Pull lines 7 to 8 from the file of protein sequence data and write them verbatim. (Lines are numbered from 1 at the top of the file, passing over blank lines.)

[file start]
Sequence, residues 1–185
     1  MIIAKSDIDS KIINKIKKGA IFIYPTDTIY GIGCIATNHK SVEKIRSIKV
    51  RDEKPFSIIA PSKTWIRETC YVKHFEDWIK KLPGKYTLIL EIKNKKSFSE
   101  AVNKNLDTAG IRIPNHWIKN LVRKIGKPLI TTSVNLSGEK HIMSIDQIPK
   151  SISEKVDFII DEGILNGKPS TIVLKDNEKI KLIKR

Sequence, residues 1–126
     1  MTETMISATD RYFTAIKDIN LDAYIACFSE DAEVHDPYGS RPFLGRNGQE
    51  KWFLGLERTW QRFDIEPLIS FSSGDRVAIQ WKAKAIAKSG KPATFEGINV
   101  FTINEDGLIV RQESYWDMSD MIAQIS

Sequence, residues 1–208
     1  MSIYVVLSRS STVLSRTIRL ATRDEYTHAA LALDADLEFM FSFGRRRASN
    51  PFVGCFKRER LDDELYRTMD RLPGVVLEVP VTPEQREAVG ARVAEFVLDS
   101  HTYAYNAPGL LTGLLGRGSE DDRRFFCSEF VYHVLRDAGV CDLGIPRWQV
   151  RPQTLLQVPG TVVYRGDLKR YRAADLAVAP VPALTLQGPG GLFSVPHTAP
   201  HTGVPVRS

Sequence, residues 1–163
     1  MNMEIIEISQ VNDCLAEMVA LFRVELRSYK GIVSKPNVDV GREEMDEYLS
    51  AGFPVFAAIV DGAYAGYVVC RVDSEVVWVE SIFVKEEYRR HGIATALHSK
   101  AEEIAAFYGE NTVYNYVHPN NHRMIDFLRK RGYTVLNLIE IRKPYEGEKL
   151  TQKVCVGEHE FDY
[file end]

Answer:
     1  MTETMISATD RYFTAIKDIN LDAYIACFSE DAEVHDPYGS RPFLGRNGQE
    51  KWFLGLERTW QRFDIEPLIS FSSGDRVAIQ WKAKAIAKSG KPATFEGINV